Formally titled the Hague Convention on the Civil Aspects of International Child Abduction (shorthandedly referred to by family law attorneys as “the Hague Abduction Convention” or just “the Hague Convention” when discussing international custody), the Hague Abduction Convention is an international treaty between a number of nations to address the problem of international child abductions. More particularly, it attempts to resolve situations where one party (usually a parent) removes a child from a country where there is a custody order (we’ll call that “Country A”), and takes them to another county (usually where that parent is originally from, or where they intend to live – we’ll call that “Country B”). The Hague Abduction Convention provides rules by which Country B shall return the Country A, where custody/visitation disputes may then be heard.Currently there are approximately 85 countries that have signed onto the Hague Abduction Convention, including the United States and most of its allies (a list of the countries that have signed on to the Hague Abduction Convention is located here. Notably absent among major countries in signing is China, which has thus far declined to join, as well as nearly all of the Southeast Asian countries.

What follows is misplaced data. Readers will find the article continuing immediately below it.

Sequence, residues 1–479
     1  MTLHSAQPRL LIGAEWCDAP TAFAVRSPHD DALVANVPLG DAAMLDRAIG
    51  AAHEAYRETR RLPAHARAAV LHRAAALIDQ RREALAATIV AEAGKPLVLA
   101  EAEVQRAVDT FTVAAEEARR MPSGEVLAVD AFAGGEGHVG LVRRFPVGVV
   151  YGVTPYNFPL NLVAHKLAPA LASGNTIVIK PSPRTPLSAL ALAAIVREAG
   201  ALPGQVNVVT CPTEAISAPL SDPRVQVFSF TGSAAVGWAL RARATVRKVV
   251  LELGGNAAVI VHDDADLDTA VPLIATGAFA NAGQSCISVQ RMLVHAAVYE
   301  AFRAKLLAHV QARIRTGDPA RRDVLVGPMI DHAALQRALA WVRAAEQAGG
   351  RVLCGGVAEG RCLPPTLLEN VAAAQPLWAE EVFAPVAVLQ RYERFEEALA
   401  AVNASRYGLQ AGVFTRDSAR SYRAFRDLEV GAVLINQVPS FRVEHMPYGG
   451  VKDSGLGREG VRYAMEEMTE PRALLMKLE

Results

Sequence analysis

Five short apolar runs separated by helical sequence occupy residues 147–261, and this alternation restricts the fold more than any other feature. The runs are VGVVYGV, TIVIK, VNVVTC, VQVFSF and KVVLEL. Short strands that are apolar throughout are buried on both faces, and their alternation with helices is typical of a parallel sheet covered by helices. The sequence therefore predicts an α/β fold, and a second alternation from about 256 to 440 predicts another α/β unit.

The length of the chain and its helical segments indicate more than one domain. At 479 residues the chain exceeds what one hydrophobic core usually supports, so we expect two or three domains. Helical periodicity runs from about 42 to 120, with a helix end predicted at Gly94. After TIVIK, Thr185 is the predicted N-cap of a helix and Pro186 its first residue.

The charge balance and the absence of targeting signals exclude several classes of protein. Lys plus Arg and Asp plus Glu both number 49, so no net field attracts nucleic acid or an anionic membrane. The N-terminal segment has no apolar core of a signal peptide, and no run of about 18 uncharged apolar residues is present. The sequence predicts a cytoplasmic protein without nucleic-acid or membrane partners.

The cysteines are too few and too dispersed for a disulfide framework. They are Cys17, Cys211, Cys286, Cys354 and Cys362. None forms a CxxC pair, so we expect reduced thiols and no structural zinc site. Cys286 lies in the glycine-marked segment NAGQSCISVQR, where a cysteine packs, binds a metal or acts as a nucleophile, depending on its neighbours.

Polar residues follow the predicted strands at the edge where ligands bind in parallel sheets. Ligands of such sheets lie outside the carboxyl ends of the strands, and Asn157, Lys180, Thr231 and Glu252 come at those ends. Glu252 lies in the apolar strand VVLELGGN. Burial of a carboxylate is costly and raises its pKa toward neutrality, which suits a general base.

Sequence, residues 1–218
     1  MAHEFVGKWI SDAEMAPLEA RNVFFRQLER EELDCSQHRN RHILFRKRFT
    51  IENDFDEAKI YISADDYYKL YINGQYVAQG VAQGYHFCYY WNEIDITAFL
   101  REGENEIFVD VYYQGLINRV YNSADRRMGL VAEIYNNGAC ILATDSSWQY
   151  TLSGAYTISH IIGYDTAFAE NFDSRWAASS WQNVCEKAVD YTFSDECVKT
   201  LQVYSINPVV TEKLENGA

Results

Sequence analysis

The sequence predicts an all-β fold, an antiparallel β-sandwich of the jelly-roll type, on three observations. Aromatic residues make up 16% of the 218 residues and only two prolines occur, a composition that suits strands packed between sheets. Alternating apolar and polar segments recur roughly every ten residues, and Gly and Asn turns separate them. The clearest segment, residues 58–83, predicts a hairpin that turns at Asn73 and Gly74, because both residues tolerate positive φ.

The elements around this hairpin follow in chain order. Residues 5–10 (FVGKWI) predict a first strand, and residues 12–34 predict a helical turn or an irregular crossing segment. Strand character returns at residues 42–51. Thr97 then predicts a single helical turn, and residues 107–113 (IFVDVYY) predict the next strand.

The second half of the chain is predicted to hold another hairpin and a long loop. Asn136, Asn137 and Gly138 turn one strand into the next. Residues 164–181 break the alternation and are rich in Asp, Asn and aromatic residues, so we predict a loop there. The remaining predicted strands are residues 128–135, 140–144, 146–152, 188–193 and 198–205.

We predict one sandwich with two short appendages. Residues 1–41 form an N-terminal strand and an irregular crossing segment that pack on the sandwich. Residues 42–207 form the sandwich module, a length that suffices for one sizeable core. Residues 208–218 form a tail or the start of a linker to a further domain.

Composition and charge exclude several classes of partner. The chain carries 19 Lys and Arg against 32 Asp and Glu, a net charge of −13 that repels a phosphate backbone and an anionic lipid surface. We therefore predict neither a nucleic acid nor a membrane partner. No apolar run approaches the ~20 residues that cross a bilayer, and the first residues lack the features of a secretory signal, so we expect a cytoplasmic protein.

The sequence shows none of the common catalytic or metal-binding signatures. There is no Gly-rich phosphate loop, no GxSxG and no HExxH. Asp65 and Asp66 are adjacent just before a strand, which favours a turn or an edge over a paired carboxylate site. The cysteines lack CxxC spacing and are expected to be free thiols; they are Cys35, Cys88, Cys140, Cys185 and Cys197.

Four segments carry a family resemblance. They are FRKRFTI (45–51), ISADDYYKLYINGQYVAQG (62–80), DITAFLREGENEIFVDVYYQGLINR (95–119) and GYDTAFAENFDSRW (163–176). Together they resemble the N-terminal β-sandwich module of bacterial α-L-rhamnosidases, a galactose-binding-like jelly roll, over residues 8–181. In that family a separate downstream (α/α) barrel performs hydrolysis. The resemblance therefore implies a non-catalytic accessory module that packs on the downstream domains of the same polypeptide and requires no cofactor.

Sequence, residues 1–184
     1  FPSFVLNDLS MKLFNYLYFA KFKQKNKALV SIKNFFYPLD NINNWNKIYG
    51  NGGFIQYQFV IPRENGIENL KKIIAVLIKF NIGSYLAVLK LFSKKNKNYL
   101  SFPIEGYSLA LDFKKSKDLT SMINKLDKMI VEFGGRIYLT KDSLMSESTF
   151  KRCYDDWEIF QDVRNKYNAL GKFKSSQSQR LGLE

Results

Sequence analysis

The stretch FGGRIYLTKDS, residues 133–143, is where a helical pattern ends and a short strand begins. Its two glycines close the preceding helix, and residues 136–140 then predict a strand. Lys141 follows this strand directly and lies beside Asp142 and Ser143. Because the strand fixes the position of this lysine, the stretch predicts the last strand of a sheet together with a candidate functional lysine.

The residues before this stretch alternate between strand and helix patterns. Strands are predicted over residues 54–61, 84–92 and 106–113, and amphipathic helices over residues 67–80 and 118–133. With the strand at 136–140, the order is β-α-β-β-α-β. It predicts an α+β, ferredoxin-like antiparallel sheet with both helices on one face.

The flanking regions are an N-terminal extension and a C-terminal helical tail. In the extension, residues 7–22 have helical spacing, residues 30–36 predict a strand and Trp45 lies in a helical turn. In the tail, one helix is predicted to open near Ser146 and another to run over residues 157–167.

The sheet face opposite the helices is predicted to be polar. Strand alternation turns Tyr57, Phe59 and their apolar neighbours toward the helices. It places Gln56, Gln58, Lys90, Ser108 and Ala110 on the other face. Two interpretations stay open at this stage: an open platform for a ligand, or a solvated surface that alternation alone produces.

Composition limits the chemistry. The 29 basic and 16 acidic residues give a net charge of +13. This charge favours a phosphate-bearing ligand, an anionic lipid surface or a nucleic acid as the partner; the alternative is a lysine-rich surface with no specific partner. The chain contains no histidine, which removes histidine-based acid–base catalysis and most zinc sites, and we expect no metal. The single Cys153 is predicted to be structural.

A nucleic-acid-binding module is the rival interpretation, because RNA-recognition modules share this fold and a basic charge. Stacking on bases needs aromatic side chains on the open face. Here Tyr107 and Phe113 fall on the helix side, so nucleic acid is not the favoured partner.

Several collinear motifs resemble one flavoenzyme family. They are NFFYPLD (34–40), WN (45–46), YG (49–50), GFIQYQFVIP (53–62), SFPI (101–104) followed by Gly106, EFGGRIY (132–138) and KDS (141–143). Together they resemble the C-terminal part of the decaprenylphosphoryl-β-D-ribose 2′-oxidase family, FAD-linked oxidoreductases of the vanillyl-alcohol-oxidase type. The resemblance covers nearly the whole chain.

In the past two years, Iraq, Japan, and Zambia entered into the Convention, after long periods of resistance (the Hague Convention was established in 1980, and the U.S. signed on in 1988). Japan’s refusal to join prominently made the international news in 2009, when an American traveled to Japan, seeking return of his children and alleging that his Japanese national ex-wife had wrongfully removed them from the U.S. (per a North Carolina issued custody order). Upon trying to retrieve his children in Japan, the American father was arrested by Japanese authorities. Although charges were eventually dropped again the American father, it underlined the problems when countries refuse to acknowledge/enforce the custody orders of another country.
International custody disputes are especially complex, and usually require the services of an experienced family attorney. To discuss your options in an international custody case, call us at (808) 593-2199 or e-mail us now to schedule a consult – we’ll be happy to speak with you.